the U.P. but last year ended up in the shape of of East
German walk/don't walk signals. Then I always make one kind
that I usually don't make, a wild card cookie. And since it
seems like I make so many really sweet cookies, I've decided
to balance it out a little this year with spice, so I'll be
trying a cookie with a nutmeg/cinnamon frosting.
That should fit into the holiday theme, right?
By the time I'm done, I'll have ended up with somewhere
between 25 and 30 dozen cookies. I eat maybe seven of
them. Not seven dozen, but seven total. Loraine ends some,
and the rest, like I said, go out to friends and family, and
get brought over to holiday gatherings and the like. I did
the math once, and it's astounding—I'm gonna end up adding
almost 25,000 calories into the lives of people I know and
love, which (at 3,500 calories to gain a pound) means that
I'll be personally responsible for eight pounds being added
to the collective weight of people around Marquette.
For that, I apologize in advance.
So I'll get those done by the 20th, and then you know what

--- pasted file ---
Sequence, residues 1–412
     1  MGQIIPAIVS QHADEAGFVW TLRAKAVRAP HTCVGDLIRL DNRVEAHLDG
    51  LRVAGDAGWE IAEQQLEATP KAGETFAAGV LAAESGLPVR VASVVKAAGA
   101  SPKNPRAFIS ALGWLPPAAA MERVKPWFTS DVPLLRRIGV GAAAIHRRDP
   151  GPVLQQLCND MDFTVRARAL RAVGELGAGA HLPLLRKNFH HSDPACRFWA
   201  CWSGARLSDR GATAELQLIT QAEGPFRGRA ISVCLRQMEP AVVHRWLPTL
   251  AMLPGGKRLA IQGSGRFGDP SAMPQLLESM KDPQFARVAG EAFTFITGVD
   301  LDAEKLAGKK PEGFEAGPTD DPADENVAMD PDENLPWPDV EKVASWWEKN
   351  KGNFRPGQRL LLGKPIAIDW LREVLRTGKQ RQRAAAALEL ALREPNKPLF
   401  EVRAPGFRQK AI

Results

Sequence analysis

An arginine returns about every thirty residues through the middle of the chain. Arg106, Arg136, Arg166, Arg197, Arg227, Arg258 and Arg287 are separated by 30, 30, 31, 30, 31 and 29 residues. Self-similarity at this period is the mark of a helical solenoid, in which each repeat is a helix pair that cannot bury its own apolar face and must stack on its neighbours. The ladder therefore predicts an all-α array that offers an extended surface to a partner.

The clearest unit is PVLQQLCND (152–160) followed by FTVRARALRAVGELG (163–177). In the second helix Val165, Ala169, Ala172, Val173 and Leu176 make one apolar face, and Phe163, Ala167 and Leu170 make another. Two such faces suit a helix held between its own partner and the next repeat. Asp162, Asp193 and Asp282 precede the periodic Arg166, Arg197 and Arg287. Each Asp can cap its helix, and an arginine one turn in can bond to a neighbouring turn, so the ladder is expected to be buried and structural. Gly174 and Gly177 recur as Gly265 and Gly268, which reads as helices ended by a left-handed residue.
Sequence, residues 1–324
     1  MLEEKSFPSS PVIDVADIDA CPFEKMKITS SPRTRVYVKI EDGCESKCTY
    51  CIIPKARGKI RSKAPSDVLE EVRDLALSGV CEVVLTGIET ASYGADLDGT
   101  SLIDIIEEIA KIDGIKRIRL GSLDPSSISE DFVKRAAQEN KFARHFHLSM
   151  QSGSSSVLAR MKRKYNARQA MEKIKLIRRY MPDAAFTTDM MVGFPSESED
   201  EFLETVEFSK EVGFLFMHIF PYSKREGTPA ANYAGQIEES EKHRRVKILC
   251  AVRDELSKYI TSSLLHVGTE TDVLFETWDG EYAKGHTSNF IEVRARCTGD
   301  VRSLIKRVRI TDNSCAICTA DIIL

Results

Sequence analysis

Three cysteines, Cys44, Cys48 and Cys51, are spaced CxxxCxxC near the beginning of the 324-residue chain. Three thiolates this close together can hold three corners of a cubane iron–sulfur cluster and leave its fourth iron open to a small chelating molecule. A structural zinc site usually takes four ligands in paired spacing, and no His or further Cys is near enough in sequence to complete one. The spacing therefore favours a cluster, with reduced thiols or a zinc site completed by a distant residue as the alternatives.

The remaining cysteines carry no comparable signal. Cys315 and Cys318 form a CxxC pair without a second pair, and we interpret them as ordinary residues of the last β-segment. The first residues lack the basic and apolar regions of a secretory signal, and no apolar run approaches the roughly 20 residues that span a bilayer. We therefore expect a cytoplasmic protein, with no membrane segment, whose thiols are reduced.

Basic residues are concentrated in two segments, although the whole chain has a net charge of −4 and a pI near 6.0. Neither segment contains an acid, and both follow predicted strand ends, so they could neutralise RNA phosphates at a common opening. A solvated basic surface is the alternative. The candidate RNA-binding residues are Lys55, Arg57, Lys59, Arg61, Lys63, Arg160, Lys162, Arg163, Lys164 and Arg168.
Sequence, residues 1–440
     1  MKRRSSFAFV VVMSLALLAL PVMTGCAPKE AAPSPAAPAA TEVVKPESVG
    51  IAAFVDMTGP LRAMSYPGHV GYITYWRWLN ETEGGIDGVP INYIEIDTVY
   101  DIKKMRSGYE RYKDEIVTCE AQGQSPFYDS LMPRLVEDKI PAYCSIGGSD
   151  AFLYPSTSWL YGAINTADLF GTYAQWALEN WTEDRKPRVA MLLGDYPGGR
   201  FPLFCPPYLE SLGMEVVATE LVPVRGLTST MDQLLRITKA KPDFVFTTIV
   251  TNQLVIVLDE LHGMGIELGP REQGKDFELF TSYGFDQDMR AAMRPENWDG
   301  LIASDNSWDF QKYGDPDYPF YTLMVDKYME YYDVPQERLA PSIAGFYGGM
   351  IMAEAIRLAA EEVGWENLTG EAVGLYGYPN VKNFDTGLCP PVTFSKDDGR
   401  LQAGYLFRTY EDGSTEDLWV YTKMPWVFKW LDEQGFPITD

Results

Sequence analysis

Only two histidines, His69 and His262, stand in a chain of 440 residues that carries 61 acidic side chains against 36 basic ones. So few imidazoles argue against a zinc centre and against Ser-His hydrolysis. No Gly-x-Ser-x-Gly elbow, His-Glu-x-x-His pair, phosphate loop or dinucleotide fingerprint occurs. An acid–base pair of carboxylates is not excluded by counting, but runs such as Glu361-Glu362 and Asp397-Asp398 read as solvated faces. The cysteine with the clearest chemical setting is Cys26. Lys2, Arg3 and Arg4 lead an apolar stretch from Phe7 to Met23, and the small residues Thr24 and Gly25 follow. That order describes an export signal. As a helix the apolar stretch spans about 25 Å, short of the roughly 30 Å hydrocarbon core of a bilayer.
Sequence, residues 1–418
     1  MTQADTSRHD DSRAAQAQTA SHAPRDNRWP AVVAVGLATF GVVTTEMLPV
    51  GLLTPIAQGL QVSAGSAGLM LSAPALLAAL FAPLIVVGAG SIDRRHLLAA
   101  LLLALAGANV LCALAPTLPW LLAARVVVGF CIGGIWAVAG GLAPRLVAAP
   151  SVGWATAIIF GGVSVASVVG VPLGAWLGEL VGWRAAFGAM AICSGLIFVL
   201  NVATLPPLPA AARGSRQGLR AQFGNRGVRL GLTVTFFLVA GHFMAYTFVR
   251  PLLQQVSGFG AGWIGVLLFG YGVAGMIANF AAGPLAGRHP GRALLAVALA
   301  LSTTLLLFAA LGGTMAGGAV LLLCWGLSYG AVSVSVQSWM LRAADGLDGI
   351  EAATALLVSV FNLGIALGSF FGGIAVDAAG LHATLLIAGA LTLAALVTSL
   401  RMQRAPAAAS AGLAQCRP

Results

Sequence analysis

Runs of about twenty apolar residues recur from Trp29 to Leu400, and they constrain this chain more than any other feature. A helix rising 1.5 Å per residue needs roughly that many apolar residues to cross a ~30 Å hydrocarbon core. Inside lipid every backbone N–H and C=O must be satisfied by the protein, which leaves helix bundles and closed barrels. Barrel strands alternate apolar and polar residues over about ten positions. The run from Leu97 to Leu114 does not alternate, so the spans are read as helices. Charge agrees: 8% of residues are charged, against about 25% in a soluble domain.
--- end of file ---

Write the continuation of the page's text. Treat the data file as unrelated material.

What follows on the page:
I'm doing on the 21st? If you said “make more cookies”,
you're one very smart person. I'll head over to my parents
that day and, along with my dear nieces, whip up three MORE
kinds of cookies for family consumption. So I'm either a
glutton for punishment or the cause for gluttony. You
And you know what? It all starts tonight!
Bummer. Miss Lorraine didn't win.
Those of you who followed along with our trip to Europe last
September may recall that one of the many weird things we
stumbled across was that of Miss Lorraine schmoozing with
the public in Nancy's Place Stanislaus. Remember this?
She was walking around, greeting the public, probably all in
advance of the Miss France contest. This past weekend, Miss
Lorraine along with all the other regional winners in the
country, got together for the national finals. And when the
dust cleared, it wasn't Miss Lorraine who walked away with
the crown. That honor went to Miss Nord Pas-de-Calais.
Miss Lorraine didn't even make the top five.
In all honesty, I had no idea that the Miss France
competition was this past weekend, just as I had forgotten
the fact that we ran into her in Nancy. But as soon as I
saw on a daily newsletter I get from a French TV network
that Miss Nord Pas-de-Calais had won. And now you guys
know, because I'm guessing you were kind of curious as to
how the whole thing turned out, right?
I have to run off and tape a few segments of “High School
Bowl” now, but before I go I have to let you know about a
phone call I received at work yesterday. I had just asked a
question about the song “Rudolph the Red-Nosed Reindeer”
when a gentleman called and informed me that I had forgotten